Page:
- Search for a Leaflet
- Types of Medicines
- What We Do
- Get Involved
- Contact Us
Prednisolone (oral) for nephrotic syndrome
Oral prednisolone for nephrotic syndrome
This leaflet is about the use of prednisolone for nephrotic syndrome.
This leaflet has been written specifically about the use of this medicine in children. The information may differ from that provided by the manufacturer. Please read this leaflet carefully. Keep it somewhere safe so that you can read it again.
Do not stop giving prednisolone suddenly, as your child is likely to become unwell.
Name of drug
Brand names: Deltacortril®
Why is it important for my child to take this medicine?
In nephrotic syndrome, the kidneys leak protein into the urine (wee). This causes oedema (swelling of the tissues due to extra water), often in the face and legs. Although it is often painless, the swelling may become uncomfortable or cause breathlessness and can cause high blood pressure.
Prednisolone is a steroid medicine that will get rid of the protein in the urine and the extra water but it needs to be taken over a long period of time (months).
What is prednisolone available as?
- Tablets: 1 mg, 5 mg, 25 mg; these contain lactose
- Enteric-coated tablets: 2.5 mg, 5 mg; these contain lactose
- Dispersible tablets: 5 mg
If you have any concerns or questions, speak with your child’s doctor or pharmacist.
When should I give prednisolone?
- Prednisolone is usually given once each day. This is usually in the morning.
Give the medicine at about the same time each day so that this becomes part of your child’s daily routine, which will help you to remember.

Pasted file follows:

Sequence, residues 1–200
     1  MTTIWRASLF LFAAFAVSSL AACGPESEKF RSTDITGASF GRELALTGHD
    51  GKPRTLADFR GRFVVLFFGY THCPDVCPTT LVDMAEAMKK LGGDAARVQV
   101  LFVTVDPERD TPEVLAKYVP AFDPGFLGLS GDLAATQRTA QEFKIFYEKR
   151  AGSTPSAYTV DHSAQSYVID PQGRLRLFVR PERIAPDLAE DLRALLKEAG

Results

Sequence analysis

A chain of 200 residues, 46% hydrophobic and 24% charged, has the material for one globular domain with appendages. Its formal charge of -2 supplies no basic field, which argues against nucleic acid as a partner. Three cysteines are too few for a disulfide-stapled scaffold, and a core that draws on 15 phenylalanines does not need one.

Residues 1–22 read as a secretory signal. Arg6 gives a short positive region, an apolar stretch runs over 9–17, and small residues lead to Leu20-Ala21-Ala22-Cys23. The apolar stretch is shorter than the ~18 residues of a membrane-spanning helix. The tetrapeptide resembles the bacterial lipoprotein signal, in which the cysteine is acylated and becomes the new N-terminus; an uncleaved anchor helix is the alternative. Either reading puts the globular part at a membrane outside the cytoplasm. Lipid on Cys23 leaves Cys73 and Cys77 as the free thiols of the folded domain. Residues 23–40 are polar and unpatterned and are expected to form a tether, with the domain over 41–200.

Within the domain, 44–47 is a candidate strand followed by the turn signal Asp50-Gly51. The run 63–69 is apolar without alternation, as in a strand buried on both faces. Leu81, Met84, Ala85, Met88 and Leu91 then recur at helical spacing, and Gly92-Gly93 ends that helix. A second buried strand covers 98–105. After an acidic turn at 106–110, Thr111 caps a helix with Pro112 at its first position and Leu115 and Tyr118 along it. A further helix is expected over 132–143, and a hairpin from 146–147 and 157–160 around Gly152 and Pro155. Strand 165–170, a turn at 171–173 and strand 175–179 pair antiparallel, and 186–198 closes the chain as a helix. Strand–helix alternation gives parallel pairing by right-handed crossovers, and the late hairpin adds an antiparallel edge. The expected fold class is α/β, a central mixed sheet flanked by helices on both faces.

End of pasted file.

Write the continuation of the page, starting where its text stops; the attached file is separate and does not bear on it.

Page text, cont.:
How much should I give?
Your doctor will work out the amount of prednisolone (the dose) that is right for your child. The dose will be shown on the medicine label.
After your child has taken prednisolone for some months, your doctor may prescribe gradually smaller doses and/or tell you to give the medicine on alternate days.
It is important that you follow your doctor’s instructions about how much to give.
How should I give it?
Tablets should be swallowed with a glass of water, milk or juice. Your child should not chew the tablet. You can crush the tablet and mix it with a small amount of soft food such as yogurt, jam or mashed potato. Make sure your child swallows it straight away without chewing. Do not crush enteric-coated tablets. These have a coating to protect the stomach and need to be swallowed whole.
Dispersible tablets: Dissolve the tablet(s) in water or fruit juice. Your doctor or pharmacist will have told you how much liquid to use, and how much to give to your child. Make sure your child drinks it all straight away, using a medicine spoon or oral syringe. Alternatively, these can be swallowed as normal tablets. The solution is very bitter and a strong tasting juice mixed with the solution or ready to take straight after may help.
When should the medicine start working?
Prednisolone will not work straight away. After a few weeks, the protein in the urine (seen on a urine dipstick test) and any swelling will have gone. However, your child should not stop taking the medicine, as continuing the treatment will reduce the chance that their symptoms will come back.
Continue to give the medicine to your child during this time. If you are worried about whether it is helping, contact your doctor.
Do not stop giving prednisolone suddenly.
What if my child is sick (vomits)?
- If your child is sick less than 30 minutes after having a dose of prednisolone, give them the same dose again.
- If your child is sick more than 30 minutes after having a dose of prednisolone, you do not need to give them another dose. Wait until the next normal dose.
If your child is sick again, seek advice from your GP, pharmacist or hospital. They will decide what to do based on your child’s condition and the specific medicine involved.
What if I forget to give it?
Give the missed dose when you remember during the day, as long as this is at least 12 hours before the next dose is due.
Never give a double dose of prednisolone.
What if I give too much?
It can be dangerous to give too much prednisolone.